Courtney Hendrix, Communications Specialist
If you were to ask me three years ago what the Farm Bill was, I would tell you that I had never heard of it before. It wasn’t until I came to CFJC in the fall of 2011 that I learned the Farm Bill is the primary piece of legislation that dictates our food and farm policies—providing roughly 90% of the United States Department of Agriculture’s (USDA) funding. The nearly trillion dollar omnibus legislation impacts so many aspects of our lives, yet in my experience, the average person has little to no knowledge of what is in the Farm Bill. At CFJC, we see food and farm policy as a tool to engage communities and build a movement, not only for equity in our public policy, but also for transformational change and social justice. Whether it’s holding Kitchen Table Talks, Farm Bill Workshops and presentations, utilizing online and social media to disseminate information, or talking with friends and family, CFJC works to bring the Farm Bill into everyday conversations.
In January, CFJC was invited to the University of San Francisco (USF) to present on the Farm Bill to Public Health graduate students in an Agriculture, Food, and Nutrition course. Walking into the classroom, I first noticed the whiteboard at the front filled with notes from what looked like a rich conversation on the various issues impacting the U.S. food system. Students came to the presentation with a basic idea of what the Farm Bill is, and they were eager to learn more. Being a guest lecturer, or providing a workshop for students, is something the CFJC team will always take the opportunity to do. It’s a chance not just to share our work, but also to build the movement, talk about values, talk about what kind of country we want to leave for our future, and reinforce that they are the leaders who have the power to bring the changes this country needs.
Inevitably, there is always those couple of students who have the “ah-ha” moments; where what we’re saying really clicks with their lived experiences. We see it expressed in different ways. Sometimes they’re nodding their head in agreement, engaging in the conversation, connecting with us after class, or reaching out afterwards. The USF students were no different. Some related the lecture to their personal experiences and knowledge, while others reached out to give thanks and voice their individual commitment to change—by supporting local farmers, learning more about public policy, or sharing the information they learned with a friend. In our work, this is where we see that transformation begins, with the individual. The transformation our country needs won’t happen overnight. But that’s okay because those who have come before us have already laid the foundation. Now, it’s up to us to actualize the kind of society that values all people and our Mother Earth.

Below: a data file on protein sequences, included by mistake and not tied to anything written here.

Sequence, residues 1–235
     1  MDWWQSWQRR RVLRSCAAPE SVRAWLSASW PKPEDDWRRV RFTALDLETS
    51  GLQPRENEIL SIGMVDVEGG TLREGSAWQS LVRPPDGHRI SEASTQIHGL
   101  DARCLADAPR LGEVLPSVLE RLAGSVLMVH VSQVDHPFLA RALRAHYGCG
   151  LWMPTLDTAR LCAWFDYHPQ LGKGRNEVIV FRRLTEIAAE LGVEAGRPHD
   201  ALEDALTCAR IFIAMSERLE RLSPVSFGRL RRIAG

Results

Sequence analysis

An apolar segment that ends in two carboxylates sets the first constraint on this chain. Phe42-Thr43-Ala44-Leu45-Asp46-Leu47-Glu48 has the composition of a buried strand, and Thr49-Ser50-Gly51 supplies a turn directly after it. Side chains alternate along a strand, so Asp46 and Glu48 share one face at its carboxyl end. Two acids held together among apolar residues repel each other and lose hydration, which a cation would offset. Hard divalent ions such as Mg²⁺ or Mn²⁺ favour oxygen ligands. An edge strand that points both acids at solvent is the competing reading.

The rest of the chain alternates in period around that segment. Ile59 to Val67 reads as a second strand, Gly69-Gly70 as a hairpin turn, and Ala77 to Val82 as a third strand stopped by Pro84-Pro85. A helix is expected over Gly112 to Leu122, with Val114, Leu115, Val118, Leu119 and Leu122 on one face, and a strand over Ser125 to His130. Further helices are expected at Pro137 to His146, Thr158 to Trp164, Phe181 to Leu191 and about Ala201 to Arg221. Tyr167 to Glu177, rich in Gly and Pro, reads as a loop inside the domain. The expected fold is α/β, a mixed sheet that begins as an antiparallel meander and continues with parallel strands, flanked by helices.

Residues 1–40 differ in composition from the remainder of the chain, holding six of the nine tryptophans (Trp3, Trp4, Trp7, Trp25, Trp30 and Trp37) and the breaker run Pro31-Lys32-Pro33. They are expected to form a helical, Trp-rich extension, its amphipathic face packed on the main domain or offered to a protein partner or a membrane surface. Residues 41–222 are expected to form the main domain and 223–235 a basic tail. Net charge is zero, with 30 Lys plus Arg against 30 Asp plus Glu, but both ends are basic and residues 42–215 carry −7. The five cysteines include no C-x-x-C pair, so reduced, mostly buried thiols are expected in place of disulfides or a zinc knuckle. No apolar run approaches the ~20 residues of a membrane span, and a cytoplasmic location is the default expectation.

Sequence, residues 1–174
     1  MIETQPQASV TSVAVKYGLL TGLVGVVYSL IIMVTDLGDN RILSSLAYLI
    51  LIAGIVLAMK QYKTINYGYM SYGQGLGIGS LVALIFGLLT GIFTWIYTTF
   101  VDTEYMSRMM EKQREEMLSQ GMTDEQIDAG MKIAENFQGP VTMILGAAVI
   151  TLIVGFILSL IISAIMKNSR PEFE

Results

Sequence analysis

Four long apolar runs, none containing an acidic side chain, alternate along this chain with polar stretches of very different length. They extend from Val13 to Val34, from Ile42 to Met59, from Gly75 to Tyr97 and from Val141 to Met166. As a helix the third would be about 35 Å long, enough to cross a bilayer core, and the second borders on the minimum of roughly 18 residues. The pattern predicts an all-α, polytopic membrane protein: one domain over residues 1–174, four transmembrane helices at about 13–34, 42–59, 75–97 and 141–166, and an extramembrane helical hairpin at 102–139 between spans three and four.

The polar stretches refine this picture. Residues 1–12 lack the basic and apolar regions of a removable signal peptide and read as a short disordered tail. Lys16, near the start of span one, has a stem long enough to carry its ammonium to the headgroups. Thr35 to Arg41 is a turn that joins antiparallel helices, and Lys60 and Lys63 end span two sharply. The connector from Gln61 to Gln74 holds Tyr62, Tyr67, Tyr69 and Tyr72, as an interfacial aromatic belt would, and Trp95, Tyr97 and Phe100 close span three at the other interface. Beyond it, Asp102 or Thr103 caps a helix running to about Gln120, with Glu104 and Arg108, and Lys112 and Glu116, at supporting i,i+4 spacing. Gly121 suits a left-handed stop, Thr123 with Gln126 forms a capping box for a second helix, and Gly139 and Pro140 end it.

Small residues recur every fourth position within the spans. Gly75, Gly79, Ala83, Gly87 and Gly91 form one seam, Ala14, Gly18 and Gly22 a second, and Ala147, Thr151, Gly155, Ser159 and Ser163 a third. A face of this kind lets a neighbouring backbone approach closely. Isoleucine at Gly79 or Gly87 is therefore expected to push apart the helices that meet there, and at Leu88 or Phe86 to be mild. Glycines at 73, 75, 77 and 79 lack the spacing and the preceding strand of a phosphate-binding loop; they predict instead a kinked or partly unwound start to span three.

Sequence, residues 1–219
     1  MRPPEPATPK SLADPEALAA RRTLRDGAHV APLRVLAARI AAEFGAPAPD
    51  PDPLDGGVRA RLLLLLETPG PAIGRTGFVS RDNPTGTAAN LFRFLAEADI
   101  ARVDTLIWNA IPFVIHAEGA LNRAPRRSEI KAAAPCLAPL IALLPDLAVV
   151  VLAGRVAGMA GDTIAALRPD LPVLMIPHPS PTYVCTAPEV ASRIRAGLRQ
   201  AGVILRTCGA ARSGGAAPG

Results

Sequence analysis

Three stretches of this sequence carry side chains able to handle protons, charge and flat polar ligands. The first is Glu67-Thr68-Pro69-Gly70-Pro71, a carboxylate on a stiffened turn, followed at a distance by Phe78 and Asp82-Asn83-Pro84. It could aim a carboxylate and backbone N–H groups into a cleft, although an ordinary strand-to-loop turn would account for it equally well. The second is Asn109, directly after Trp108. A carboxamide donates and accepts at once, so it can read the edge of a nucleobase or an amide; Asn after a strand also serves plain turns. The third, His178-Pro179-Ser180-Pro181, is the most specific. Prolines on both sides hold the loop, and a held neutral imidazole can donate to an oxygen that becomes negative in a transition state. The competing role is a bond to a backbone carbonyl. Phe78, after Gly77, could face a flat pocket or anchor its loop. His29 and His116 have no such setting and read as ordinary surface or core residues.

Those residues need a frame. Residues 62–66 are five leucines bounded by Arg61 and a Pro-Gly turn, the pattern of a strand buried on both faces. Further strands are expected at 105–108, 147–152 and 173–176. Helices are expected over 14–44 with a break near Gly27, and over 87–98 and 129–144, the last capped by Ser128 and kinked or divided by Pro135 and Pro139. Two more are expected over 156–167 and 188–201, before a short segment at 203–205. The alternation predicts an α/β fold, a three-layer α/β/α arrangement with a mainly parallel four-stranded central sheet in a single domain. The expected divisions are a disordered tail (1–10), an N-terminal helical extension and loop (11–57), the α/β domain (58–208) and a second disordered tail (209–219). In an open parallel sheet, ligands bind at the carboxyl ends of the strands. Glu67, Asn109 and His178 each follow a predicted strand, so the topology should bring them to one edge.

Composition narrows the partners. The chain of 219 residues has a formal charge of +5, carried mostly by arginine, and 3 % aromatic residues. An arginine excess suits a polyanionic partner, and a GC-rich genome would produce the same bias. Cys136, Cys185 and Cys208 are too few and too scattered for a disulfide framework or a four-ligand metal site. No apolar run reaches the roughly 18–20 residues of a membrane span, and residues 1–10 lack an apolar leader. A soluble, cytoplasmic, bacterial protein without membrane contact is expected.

The inequities and injustices that divide our country are too overbearing to ignore. People are ready for change, and willing to engage in new and different processes. For example, the GOAT process, which was formed in 2011 at the Community Food Security Coalition’s 15th Annual Conference in Oakland, California. The goal was to work collaboratively across sectors on the 2011-2014 Farm Bill re-authorization process. On January 30-31st, 2014, GOAT participants gathered in Washington DC for their 3rd Annual Convening. This was the first convening I’ve attended, and having less than five years experience in food systems work I deeply valued the dialogue and participation from all who were present.
Personally, the highlight of the convening was the lunch time presentations and dialogue: History of Farm Bill process over last three Cycles, and History of the Farm Bill, Diversity and other Initiatives. On the first day, Ferd Hoefner of National Sustainable Agriculture Coalition talked about the Farm Bill’s programs from a budgetary perspective, providing the monetary “theme” of the last three bills. We finished the session noting the importance of protecting the programs we have in the Farm Bill now. The second day focused on past efforts to create an equitable and inclusive Farm Bill re-authorization process. Civil rights leaders Savi Horn of the Land Loss Prevention Project and John Zippert of the Federation for Southern Cooperatives started the session by sharing their experiences and reflections on previous initiatives and processes. The conversation was insightful and grounding because people allowed themselves to open up and talk about the movement’s strengths and weaknesses, and successes and challenges in advocating for communities of color and low-income communities. For me, the session really hit on the root issues and struggles we have to collectively address—the power dynamics, particularly in the context of race, class, and gender. Recognizing that we all come with our histories and “baggage” and it’s important to honor and own that, while at the same time being committed to work with one another for the greater good.
It’s up to each of us to be and model the change we want to see. The work we have ahead of us won’t be easy, but is necessary. At CFJC, we believe the United States is at a critical moment right now to bring transformational change. I believe the growing interest in food and agriculture across the country provides an opportunity to build the movement for a more just and equitable society for all people.